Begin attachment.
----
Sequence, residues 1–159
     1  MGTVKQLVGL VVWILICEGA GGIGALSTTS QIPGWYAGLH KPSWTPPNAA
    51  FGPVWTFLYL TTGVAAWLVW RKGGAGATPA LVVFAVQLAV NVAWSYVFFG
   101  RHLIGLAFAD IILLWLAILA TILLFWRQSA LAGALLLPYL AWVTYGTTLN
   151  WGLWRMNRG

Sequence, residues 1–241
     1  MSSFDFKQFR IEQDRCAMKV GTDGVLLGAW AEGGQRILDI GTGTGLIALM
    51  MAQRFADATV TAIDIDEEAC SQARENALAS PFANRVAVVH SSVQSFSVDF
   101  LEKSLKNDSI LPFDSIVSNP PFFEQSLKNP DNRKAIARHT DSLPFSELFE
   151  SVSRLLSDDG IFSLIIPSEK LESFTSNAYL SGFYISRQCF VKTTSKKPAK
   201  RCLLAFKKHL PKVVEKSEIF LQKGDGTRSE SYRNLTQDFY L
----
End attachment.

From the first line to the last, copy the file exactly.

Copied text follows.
Sequence, residues 1–159
     1  MGTVKQLVGL VVWILICEGA GGIGALSTTS QIPGWYAGLH KPSWTPPNAA
    51  FGPVWTFLYL TTGVAAWLVW RKGGAGATPA LVVFAVQLAV NVAWSYVFFG
   101  RHLIGLAFAD IILLWLAILA TILLFWRQSA LAGALLLPYL AWVTYGTTLN
   151  WGLWRMNRG

Sequence, residues 1–241
     1  MSSFDFKQFR IEQDRCAMKV GTDGVLLGAW AEGGQRILDI GTGTGLIALM
    51  MAQRFADATV TAIDIDEEAC SQARENALAS PFANRVAVVH SSVQSFSVDF
   101  LEKSLKNDSI LPFDSIVSNP PFFEQSLKNP DNRKAIARHT DSLPFSELFE
   151  SVSRLLSDDG IFSLIIPSEK LESFTSNAYL SGFYISRQCF VKTTSKKPAK
   201  RCLLAFKKHL PKVVEKSEIF LQKGDGTRSE SYRNLTQDFY L